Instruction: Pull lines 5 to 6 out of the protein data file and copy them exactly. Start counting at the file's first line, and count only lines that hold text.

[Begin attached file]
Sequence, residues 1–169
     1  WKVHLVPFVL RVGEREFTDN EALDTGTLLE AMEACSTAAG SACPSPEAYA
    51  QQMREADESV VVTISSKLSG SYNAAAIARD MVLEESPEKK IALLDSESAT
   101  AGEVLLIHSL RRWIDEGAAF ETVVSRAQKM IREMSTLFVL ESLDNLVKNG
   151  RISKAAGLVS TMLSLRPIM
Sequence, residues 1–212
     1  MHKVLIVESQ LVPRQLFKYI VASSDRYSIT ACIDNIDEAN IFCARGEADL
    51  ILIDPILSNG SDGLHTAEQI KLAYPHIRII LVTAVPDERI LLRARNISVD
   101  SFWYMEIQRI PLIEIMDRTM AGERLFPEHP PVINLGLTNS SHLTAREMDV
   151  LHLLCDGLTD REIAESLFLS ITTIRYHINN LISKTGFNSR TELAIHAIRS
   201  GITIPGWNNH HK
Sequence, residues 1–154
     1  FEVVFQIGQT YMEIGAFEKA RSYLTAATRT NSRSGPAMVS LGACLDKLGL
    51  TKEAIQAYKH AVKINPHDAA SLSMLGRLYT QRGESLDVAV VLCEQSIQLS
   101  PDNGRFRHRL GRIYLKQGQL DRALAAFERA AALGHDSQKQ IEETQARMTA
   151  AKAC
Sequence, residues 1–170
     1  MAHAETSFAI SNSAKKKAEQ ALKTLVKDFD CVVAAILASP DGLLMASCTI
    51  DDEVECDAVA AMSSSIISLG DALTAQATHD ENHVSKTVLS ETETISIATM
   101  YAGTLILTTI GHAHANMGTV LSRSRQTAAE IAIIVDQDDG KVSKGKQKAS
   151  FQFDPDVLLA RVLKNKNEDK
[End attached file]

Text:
   151  RISKAAGLVS TMLSLRPIM
Sequence, residues 1–212